enter the upper world just before
dawn on Easter Sunday, and they see
the stars overhead.
–The lady who plays a music that
attracted both Dante and Virgil in
the shores of Purgatory.
–A pagan who has been placed by
God as the general guardian of the
• Gate of Purgatory
–It is guarded by an angel who uses
sword to draw the letter “P” in the
forehead to anyone who enters the
–A woman of grace and beauty who
prepares souls for their ascent in
• Having survived the depths of Hell,
Dante and Virgil ascend out of the
undergloom, to the Mountain of
Purgatory on the far side of the
• The Mountain is on an island, the only
land in the Southern
Hemisphere, created by the displacement
of rock which resulted when Satan's fall
created Hell (which Dante portrays as
existing underneath Jerusalem).
• The mountain has seven
terraces, corresponding to the seven
deadly sins or "seven roots of
• On the shores of the island, Dante and
Virgil watch a boat arrive. Guided by an
angel, the boat shuttles a new batch of
penitent souls to Purgatory. Like these
souls, Dante is about to climb Mount
Purgatory, learning lessons, and
cleansing himself of sin in preparation
for ascending to Heaven.
• At the shores of Purgatory, Dante and
Virgil meet Cato.
First Terrace of Purgatory:
• On the terrace where proud souls
purge their sin, Dante and Virgil see
beautiful sculptures expressing
humility, the opposite virtue. The
first example is of the Annunciation
to the Virgin Mary.
• After being introduced to humility,
Dante and Virgil meet the souls of the
proud, who are bent over by the weight
of huge stones on their backs. As they
walk around the terrace, they are able to
profit from the sculpted examples of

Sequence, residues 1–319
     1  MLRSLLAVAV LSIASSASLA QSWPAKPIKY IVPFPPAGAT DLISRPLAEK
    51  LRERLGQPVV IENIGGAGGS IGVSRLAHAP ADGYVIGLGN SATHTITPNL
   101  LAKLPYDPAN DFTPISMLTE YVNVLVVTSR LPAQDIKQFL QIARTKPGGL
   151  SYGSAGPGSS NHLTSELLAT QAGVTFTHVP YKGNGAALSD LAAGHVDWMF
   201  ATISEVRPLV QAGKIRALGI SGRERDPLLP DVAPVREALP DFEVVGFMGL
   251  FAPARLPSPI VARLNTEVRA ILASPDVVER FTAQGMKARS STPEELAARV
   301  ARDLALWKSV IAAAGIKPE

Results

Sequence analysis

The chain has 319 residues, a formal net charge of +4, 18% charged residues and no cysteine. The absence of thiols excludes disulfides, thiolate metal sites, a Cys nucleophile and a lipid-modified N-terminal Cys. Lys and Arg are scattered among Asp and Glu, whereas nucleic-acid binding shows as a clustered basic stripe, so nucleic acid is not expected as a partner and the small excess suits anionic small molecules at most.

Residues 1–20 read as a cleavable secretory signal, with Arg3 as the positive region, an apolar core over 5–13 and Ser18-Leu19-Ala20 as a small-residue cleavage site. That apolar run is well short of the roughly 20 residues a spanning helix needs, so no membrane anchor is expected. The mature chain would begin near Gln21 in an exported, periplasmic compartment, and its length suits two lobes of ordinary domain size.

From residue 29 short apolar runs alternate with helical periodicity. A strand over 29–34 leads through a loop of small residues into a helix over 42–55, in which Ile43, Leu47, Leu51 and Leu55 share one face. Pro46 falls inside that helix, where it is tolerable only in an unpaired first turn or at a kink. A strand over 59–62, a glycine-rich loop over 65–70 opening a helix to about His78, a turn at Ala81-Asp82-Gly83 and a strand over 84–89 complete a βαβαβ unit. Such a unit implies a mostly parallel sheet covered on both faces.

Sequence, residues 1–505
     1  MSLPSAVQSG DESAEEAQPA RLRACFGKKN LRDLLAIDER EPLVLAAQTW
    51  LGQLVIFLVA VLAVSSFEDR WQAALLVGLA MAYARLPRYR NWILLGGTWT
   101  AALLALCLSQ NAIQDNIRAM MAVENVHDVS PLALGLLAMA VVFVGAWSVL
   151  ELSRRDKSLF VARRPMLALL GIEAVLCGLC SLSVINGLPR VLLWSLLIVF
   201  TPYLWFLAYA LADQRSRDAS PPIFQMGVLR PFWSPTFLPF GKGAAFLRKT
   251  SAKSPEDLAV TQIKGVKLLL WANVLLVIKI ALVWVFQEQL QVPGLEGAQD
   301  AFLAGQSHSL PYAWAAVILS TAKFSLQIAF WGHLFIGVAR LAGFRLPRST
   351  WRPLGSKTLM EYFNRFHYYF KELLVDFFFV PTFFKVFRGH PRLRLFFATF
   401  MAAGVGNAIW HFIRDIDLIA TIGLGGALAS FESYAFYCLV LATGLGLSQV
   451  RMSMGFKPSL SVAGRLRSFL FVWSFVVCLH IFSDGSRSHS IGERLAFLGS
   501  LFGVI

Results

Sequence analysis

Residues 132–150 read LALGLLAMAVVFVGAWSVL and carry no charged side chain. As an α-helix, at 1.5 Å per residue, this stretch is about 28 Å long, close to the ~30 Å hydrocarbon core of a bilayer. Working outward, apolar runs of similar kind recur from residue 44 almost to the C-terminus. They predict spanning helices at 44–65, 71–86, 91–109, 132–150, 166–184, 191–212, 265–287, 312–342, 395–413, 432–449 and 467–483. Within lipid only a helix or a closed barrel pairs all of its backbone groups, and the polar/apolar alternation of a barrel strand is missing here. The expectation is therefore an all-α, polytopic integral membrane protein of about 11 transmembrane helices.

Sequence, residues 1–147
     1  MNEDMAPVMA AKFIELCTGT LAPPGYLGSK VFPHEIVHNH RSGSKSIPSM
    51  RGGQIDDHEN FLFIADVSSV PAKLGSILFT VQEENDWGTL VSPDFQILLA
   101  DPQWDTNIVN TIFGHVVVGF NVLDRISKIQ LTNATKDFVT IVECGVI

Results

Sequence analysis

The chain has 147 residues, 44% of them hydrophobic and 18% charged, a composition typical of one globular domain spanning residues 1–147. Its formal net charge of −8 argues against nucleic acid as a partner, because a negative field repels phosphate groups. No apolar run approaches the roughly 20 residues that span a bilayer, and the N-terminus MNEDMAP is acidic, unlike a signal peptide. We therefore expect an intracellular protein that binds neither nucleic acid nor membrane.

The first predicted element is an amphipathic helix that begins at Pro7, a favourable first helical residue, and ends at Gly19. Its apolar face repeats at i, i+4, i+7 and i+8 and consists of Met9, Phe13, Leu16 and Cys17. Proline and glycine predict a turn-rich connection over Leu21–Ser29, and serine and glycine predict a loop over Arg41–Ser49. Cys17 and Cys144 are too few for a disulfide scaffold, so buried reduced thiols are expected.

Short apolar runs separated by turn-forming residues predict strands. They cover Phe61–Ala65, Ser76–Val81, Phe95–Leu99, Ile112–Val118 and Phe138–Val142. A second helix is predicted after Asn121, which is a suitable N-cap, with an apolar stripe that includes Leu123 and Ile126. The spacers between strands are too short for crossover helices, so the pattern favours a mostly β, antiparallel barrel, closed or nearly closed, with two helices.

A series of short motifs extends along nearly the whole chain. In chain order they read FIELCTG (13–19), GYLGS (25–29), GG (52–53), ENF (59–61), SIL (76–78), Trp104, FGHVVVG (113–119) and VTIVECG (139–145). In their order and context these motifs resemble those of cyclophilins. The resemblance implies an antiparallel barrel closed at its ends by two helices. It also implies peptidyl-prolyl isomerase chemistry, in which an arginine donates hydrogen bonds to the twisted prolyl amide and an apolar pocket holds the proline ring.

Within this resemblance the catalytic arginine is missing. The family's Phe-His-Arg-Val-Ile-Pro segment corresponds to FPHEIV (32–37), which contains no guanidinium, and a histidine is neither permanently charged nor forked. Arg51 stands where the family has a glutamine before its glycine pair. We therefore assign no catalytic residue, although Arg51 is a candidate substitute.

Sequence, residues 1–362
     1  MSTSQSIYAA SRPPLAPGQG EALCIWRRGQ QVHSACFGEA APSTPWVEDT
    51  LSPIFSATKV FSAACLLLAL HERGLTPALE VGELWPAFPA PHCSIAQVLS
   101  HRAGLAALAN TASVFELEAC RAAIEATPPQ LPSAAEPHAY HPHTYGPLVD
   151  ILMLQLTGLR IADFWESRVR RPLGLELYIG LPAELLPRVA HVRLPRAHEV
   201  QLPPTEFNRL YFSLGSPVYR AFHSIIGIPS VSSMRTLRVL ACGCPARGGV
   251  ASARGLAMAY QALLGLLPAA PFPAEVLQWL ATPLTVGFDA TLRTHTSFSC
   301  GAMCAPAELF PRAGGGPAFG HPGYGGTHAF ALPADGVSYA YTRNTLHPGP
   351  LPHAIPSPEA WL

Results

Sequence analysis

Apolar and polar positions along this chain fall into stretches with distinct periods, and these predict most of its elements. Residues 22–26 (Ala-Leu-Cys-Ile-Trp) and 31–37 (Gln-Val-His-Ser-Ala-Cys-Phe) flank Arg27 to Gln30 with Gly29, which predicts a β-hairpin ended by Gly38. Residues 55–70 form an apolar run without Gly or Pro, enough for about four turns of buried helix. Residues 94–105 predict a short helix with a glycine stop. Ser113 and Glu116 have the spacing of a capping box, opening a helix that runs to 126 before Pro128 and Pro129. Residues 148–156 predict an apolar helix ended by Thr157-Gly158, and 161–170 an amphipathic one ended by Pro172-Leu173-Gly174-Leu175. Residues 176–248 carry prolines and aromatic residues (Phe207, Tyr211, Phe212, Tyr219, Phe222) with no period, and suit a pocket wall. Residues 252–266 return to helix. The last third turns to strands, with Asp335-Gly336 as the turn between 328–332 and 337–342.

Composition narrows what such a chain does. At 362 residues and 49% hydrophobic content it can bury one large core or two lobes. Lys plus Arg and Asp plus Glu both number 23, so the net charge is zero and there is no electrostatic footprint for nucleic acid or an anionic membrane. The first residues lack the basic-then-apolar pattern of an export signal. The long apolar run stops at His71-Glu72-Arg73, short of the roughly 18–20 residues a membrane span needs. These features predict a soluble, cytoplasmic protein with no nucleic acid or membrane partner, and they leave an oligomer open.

• After his conversations with the proud, Dante
notes further sculptures on the pavement below,
this time illustrating pride itself. The sculptures
show Satan (Lucifer), the building of the Tower
of Babel, King Saul, Arachne, King Rehoboam,
• As the poets ascend to the next terrace, an angel
brushes Dante's forehead with his wings, erasing
the letter "P" (peccatum) corresponding to the
sin of pride, and Dante hears the beatitude Beati
pauperes spiritu ("Blessed are the poor in spirit,"
Matthew 5:3) (Canto XII).
Second terrace: The Envious
• On entering the terrace of the
envious, Dante and Virgil first hear
voices on the air telling stories of
generosity, the opposite virtue.
• An episode from the life of the Virgin
Mary; this time, the scene from the Life of
the Virgin is the Wedding at Cana
• The souls of the envious wear
penitential grey cloaks, and their eyes are
sewn shut with iron wire, resembling the
way a falconer sews shut the eyes of a
falcon in order to train it.
Third terrace: the Wrathful
• Dante has a vision containing examples
• Black smoke, the punishment of the
wrathful, envelops them, rendering them
• Dante and Virgil met Marco Lombardo.
Fourth terrace: the Slothful
• Virgil explains how love determines the